Heavenly Mother

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In some religious traditions or movements Heavenly Mother (also referred to as Mother in Heaven or Sky Mother) is the wife or feminine counterpart of the Sky father or God the Father. Teachings about the Heavenly Mother are promulgated by various religious groups, to one degree or another.

Ancient Egypt

In Egyptian mythology, sky goddess Nut is sometimes called "Mother" because she bore stars and Sun god.

Nut was thought to draw the dead into her star-filled sky, and refresh them with food and wine.[1]

Ascended Master Teachings

In the Ascended Master Teachings, a group of religions based on Theosophy, the Heavenly Mother is called Omega.


Orthodoxy and Roman Catholicism

Orthodox Christians believe Mary received her resurrection early near after her death (see Dormition of the Mother of God), while Roman Catholics generally believe that Mary was assumed, body and soul without death or the need for resurrection, into Heaven, referred to as the Assumption of Mary. This could make her a "heavenly mother" of sorts, as she gave birth to Jesus, and was confirmed to bear the title Theotokos ("giver of birth to God") at the Council of Ephesus in AD 431. However, she is more often referred to as "Our Mother", since Christians alike refer to themselves as "Brothers and Sisters in Christ". There is a parallel in calling Mary "Our Mother" as calling God "Our Father", though there is a Pater Noster but no Mater Nostra. Mary is not considered the "Heavenly Mother", the same way that God the Father is referred to as the "Heavenly Father". In Roman Catholic belief Mary, although highly venerated as the first among the Saints, is never viewed on an equal status with God (cf. the Scholastic Catholic hyperdulia vs. latria distinction), rather she is viewed by some[who?] Catholics, but not as a matter of dogma, as Mediatrix and Co-Redemptrix with Christ.


In the Latter Day Saint movement, particularly The Church of Jesus Christ of Latter-day Saints, many adherents believe in a Heavenly Mother as the wife of God the Father. The theology varies, however, according to denomination. The only clear declaration regarding a Heavenly Mother figure is that she exists. Some offshoot denominations disavow a belief in her, some do not make her a part of the official doctrine, and others openly acknowledge her.[2]


Collyridianism was a heretical Christian sect. Collyridians worshipped the Virgin Mary as their Heavenly Mother and as a Goddess. The Catholic Church condemned the Collyridians of Marian Heresies, holding that Mary was to be venerated but not adored like God.[3] The Collyridian service was similar to that of the Catholic Mass, except that the sacramental bread was not considered Christ, or a sacrifice to God, but a sacrifice to the Virgin Mary. Epiphanius of Salamis wrote about the Collyridianism and their multiple heresies against the Catholic Church in his work entitled Panarion.

Unification Church

In the Unification Church some members occasionally address God as "Heavenly Mother" when emphasizing the divine attribute of femininity, but not indicating a distinct person. Unificationists consider God a unified being of masculine and feminine characteristics, but they nearly always address God (in prayer) using masculine references and refer to Him as "Father" or "Heavenly Father."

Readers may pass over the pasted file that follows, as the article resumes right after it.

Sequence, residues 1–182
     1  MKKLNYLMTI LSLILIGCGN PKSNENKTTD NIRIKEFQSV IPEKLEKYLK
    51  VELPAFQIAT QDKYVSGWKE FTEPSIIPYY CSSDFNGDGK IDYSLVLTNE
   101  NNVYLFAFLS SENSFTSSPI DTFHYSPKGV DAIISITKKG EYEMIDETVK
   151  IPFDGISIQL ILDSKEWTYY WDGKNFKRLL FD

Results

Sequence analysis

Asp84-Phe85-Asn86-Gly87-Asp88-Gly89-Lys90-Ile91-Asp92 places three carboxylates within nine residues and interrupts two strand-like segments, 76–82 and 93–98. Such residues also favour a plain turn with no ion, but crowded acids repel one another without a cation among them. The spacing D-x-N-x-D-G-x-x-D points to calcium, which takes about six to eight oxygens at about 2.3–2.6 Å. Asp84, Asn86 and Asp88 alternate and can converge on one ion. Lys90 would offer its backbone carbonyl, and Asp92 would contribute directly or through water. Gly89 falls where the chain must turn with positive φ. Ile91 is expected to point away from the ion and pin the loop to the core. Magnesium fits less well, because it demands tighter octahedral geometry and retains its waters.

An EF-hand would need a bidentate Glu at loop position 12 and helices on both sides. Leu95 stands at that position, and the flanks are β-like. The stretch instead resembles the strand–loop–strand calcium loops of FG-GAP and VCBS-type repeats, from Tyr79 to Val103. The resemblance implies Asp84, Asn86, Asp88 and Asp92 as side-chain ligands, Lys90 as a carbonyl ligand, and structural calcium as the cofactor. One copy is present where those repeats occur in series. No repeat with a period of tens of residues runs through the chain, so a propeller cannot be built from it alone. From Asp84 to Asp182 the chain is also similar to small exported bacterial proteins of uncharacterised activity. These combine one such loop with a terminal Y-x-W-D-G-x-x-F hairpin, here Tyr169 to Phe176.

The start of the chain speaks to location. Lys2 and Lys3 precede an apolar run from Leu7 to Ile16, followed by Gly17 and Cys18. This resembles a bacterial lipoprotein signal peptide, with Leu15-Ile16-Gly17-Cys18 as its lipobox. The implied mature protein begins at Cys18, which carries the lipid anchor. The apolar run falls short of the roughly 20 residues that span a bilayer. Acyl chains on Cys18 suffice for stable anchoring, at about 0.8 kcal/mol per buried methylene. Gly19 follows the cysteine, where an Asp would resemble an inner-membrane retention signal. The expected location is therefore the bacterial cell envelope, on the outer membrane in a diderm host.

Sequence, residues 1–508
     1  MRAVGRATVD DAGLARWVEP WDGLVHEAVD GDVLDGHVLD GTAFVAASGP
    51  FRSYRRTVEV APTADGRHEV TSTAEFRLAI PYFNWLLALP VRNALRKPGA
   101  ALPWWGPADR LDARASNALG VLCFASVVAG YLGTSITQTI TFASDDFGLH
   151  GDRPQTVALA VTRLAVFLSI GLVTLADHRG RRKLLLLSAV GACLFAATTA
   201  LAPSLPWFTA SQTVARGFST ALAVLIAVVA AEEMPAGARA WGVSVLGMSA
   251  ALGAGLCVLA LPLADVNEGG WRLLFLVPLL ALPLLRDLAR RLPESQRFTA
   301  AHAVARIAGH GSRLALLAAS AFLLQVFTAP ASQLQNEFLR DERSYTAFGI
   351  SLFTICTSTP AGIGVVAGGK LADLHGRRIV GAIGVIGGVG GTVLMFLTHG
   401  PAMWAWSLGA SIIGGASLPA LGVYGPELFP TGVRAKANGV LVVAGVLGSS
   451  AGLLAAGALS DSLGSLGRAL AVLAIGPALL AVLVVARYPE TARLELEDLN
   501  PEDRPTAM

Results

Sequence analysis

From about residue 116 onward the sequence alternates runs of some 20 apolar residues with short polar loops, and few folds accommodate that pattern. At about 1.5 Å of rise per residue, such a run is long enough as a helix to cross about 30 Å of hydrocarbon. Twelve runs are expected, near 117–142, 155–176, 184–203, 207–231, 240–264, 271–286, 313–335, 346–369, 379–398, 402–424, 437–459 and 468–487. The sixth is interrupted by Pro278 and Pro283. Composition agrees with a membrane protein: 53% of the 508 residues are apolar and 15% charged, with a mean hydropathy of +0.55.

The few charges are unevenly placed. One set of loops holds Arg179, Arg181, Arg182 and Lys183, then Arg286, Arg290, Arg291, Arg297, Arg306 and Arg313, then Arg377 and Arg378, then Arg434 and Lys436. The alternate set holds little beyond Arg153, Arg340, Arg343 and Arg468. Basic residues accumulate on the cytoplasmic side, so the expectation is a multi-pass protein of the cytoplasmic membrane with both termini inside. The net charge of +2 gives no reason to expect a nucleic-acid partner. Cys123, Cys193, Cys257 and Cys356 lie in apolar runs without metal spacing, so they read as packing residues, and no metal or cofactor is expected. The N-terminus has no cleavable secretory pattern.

World Mission Society Church of God

The World Mission Society Church of God is a Korean group founded by Ahn Sahng-hong (안상홍, 安商洪). The church believes that a man, Ahn Sahng-hong is the second coming of Christ because of prophecies they see him as fulfilling. Korea is considered to be Zion (the new spiritual Jerusalem), and that a woman called Zahng Gil Jah is the female incarnation of God. They hoped to recruit 144,000 members as they predicted the world to end at the end of 2012, with prior predictions being 1967 and 1988.[4]


In the Hindu context, the worship of the Mother deity can be traced back to early Vedic culture, and perhaps even before. The Rigveda calls the divine female power Mahimata (R.V. 1.164.33), literally Great Mother and also called Mother Earth. In places, the Vedic literature alludes to her as Viraj, the universal mother, as Aditi, the mother of gods, and as Ambhrini, the one born of the Primeval Ocean. Durga, the wife of Shiva, is a warrior goddess who represents the empowering and protective nature of motherhood. An incarnation of Durga is Kali, who came from her forehead during war (as a means of defeating Durga's enemy, Mahishasura). Durga and her incarnations are particularly worshipped in Bengal.

Today, Devi is seen in manifold forms, all representing the creative force in the world, as Maya and prakṛti, the force that galvanizes the divine ground of existence into self-projection as the cosmos. She is not merely the Earth, though even this perspective is covered by Parvati (Durga's previous incarnation). All the various Hindu female entities are seen as forming many faces of the same female Divinity.

See also



  1. "Papyrus of Ani: Egyptian Book of the Dead", Sir E. A. Wallis Budge, NuVision Publications, page 57, 2007, ISBN 1-59547-914-7
  2. "The Role of Women in the Church". Restoration Church of Jesus Christ. Retrieved 2006-07-17.<templatestyles src="Module:Citation/CS1/styles.css"></templatestyles>
  3. http://www.ewtn.com/library/HOMELIBR/COLLYRID.TXT
  4. Turner, Ryan. "Introduction to the World Mission Society Church of God (WMSCOG)". http://carm.org/. Christian Apologetics and Research Ministry. Retrieved 1 January 2015. External link in |website= (help)<templatestyles src="Module:Citation/CS1/styles.css"></templatestyles>


External links